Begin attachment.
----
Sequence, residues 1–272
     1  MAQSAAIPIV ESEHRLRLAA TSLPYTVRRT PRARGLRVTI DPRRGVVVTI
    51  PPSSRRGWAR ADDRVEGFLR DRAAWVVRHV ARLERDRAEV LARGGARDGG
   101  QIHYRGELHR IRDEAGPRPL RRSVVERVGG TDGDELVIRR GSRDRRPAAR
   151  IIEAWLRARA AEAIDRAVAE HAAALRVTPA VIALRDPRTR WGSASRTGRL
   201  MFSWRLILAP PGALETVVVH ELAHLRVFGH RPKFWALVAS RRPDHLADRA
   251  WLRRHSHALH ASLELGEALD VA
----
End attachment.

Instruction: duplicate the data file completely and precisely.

Sequence, residues 1–272
     1  MAQSAAIPIV ESEHRLRLAA TSLPYTVRRT PRARGLRVTI DPRRGVVVTI
    51  PPSSRRGWAR ADDRVEGFLR DRAAWVVRHV ARLERDRAEV LARGGARDGG
   101  QIHYRGELHR IRDEAGPRPL RRSVVERVGG TDGDELVIRR GSRDRRPAAR
   151  IIEAWLRARA AEAIDRAVAE HAAALRVTPA VIALRDPRTR WGSASRTGRL
   201  MFSWRLILAP PGALETVVVH ELAHLRVFGH RPKFWALVAS RRPDHLADRA
   251  WLRRHSHALH ASLELGEALD VA